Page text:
That’s not really acceptance, and that may explain some of the findings of a Pew Research Center poll of gay, lesbian, bisexual and transgender Americans that was released last week. About one-third of the respondents said that they’d not told their mothers the truth of their lives, and an even greater fraction had not told their fathers. In other words, fear and secrecy — not to mention the potential psychological damage associated with each — persist. And you can’t divorce that from marriage inequality’s insinuation that gays and lesbians have less honorable relationships, and are lesser creatures all in all.
Nor can you divorce it from the Catholic Church’s wildly contradictory signals. Although the church doesn’t deem homosexuality paired with chastity to be sinful, the Vatican decreed in 2005 that men with “deep-seated homosexual tendencies” shouldn’t be ordained as priests.
And yet many such men have been ordained. The Rev. James Martin, a Jesuit and an editor at large at the Catholic magazine America, told me that he’s seen thoughtful though not scientifically rigorous estimates that anywhere from 25 to 50 percent of Catholic priests are gay. His own best guess is 30 percent. That’s thousands and thousands of gay priests, some of whom must indeed be in the “deep-seated” end of the tendency pool.
Martin believes that the vast majority of gay priests aren’t sexually active. But some are, and Rome is certainly one of the many theaters where the conflict between the church’s ethereal ideals and the real world play out.
I lived there for nearly two years, covering the Vatican for The Times, and while I got no real sense of any “gay lobby,” I was given my own lesson in the hypocrisy of clerics who preach one set of morals and practice another.
Every so often, I’d have lunch or dinner with the Rev. Thomas Williams, who was the dean of theology at a pontifical university and belonged to the Legion of Christ, a conservative order. He liked to expose secular news organizations to the order’s philosophy, and over time his classic, square-jawed good looks — he resembled some ecclesiastical man of steel, ready to star in “Superman Genuflects” — led to television time as a Vatican analyst.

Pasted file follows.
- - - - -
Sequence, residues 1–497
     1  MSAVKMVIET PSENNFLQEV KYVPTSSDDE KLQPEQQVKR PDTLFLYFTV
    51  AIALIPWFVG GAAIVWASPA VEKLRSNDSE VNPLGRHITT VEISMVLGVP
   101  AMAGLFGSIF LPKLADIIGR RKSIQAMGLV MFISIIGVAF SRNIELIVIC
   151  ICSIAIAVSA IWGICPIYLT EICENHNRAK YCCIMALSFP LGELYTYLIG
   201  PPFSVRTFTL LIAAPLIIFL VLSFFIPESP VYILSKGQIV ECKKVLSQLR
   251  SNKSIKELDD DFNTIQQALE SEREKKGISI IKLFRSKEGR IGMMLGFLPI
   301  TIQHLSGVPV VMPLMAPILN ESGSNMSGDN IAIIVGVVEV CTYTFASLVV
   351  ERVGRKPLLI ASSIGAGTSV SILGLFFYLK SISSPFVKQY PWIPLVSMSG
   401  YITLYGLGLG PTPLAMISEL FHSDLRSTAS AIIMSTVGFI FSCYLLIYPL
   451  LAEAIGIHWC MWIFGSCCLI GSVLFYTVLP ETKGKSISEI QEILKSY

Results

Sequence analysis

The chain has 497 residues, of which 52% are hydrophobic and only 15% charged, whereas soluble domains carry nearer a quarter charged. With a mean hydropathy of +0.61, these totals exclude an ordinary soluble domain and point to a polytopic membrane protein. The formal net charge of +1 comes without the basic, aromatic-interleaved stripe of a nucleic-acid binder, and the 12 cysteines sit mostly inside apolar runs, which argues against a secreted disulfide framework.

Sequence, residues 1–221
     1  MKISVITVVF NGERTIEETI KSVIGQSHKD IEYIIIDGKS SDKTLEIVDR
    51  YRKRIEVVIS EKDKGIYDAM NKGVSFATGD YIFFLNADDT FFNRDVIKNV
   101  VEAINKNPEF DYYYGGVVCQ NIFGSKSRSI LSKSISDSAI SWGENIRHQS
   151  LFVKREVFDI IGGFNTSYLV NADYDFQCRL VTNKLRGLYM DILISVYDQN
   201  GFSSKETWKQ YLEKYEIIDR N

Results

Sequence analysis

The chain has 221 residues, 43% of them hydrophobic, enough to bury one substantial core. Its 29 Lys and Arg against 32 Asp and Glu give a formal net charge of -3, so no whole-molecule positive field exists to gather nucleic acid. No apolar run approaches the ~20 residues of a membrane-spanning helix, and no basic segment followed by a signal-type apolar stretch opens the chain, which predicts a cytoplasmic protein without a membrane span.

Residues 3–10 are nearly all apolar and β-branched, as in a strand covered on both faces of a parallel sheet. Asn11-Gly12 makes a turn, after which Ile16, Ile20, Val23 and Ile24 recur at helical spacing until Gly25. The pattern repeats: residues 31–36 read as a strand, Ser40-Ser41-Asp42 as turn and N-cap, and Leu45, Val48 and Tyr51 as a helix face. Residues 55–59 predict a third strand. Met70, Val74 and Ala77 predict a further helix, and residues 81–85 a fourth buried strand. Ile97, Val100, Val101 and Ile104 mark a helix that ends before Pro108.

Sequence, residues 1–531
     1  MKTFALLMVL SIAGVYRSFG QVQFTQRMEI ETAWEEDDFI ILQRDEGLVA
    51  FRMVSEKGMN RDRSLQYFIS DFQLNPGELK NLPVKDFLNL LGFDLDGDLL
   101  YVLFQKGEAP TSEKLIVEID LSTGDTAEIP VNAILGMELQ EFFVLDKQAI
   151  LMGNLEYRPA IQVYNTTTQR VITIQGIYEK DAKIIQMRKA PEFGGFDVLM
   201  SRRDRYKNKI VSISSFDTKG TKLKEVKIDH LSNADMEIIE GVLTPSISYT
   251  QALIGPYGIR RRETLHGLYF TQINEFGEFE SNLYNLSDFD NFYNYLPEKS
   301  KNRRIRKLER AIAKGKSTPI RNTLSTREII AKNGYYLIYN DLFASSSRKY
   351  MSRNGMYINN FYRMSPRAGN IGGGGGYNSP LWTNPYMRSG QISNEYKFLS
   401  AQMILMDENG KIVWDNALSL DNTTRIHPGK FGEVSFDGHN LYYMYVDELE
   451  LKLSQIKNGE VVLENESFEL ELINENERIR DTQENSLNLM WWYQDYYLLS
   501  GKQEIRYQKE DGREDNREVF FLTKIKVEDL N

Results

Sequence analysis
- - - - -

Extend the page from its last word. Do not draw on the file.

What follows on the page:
Last year he took a leave from ministry, amid accusations of affairs with several women. He admitted to one of them, and to fathering a child.
The friends with whom I’ve shared that story invariably ask: “Doesn’t that make you angry?”
No. Just really, really sad.
THE NOT-SO-GOOD OLD DAYS:
By STEPHANIE COONTZ
My column last month about the dangers of nostalgia inspired many readers to write to me about their family memories of the 1950s and ’60s. Some shared poignant stories about the discrimination they encountered as blacks, women, gay men or lesbians. Others described how much easier it was for their working-class fathers to support a family back then.
Manufacturing workers have reason to regret the passing of an era. Between 1945 and 1978, their real earnings almost doubled — rising by 95 percent — but then, over the next 34 years, they actually fell by 2.3 percent. Supporters of women’s reproductive rights might feel nostalgic for an era when three former presidents, the Republican Dwight D. Eisenhower and the Democrats Harry S. Truman and Lyndon B. Johnson, were happy to serve as honorary co-chairmen of a Planned Parenthood fund-raising committee.
But you can’t just stroll through the past, picking the things you like and skipping the ones you don’t, as if historical eras were menus, and you could pick one from column A and one from column B. They are, rather, interconnected social, economic and political systems. Whether someone would really want to return to a particular time depends on socioeconomic class, age, sex, race and health.
In 1950, a young man, with or without a high school degree, would have found it much easier than it is today to get and keep a job in the auto industry. And in that year, according to Colin Gordon, a historian at the University of Iowa, the average autoworker could meet monthly mortgage payments on a median-priced home with just 13.4 percent of his take-home pay. Today a similar mortgage would claim more than twice that share of his monthly earnings.
Other members of the autoworker’s family, however, might be less inclined to trade the present for the past. His retired parents would certainly have had less economic security back then. Throughout much of the 1960s, more than a quarter of men and women age 65 and older lived below the poverty level, compared to less than 10 percent in 2010.